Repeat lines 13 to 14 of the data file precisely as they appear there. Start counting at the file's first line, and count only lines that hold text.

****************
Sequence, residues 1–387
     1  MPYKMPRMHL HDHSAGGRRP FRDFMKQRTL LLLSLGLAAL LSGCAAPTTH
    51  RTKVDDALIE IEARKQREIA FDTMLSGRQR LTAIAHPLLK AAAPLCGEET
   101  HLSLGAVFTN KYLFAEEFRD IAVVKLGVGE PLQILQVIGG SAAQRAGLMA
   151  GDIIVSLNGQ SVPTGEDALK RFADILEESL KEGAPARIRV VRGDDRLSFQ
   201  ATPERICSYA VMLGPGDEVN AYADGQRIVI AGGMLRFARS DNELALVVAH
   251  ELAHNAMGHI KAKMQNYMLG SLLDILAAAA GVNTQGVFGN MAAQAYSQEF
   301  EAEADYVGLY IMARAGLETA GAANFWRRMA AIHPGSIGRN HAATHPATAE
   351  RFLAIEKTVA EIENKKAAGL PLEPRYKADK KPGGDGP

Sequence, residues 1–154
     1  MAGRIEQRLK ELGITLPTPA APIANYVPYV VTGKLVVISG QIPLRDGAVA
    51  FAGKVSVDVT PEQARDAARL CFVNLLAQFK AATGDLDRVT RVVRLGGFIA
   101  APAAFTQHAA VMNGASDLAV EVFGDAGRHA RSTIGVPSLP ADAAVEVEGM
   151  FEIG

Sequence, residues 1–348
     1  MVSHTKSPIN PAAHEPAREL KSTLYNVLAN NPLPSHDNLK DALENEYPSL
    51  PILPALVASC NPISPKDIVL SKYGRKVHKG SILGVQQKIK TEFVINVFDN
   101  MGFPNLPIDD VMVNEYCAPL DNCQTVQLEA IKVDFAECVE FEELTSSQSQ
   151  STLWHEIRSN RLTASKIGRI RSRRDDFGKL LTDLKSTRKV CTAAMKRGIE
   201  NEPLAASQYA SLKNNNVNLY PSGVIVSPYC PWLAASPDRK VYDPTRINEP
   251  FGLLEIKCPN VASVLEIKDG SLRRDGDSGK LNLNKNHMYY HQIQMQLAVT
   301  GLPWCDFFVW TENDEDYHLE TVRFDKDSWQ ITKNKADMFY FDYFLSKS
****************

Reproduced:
   101  APAAFTQHAA VMNGASDLAV EVFGDAGRHA RSTIGVPSLP ADAAVEVEGM
   151  FEIG